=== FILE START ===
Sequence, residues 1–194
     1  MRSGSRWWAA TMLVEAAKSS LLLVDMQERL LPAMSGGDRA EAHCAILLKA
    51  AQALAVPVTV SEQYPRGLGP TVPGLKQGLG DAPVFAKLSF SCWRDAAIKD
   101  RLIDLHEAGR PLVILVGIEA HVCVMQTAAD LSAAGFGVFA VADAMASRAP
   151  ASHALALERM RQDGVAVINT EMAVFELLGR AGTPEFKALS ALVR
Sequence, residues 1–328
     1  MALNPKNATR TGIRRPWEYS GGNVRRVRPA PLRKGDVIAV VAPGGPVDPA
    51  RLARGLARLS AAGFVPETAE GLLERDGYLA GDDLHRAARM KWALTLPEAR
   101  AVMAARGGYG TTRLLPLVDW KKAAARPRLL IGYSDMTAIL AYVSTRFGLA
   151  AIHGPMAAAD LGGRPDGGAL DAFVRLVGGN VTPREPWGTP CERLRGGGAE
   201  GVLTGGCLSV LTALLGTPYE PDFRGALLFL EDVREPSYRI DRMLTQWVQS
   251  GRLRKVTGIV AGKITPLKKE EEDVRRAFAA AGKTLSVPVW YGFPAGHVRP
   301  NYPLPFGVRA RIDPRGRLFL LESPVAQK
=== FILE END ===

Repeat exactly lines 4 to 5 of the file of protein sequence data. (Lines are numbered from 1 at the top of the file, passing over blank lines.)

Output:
   101  RLIDLHEAGR PLVILVGIEA HVCVMQTAAD LSAAGFGVFA VADAMASRAP
   151  ASHALALERM RQDGVAVINT EMAVFELLGR AGTPEFKALS ALVR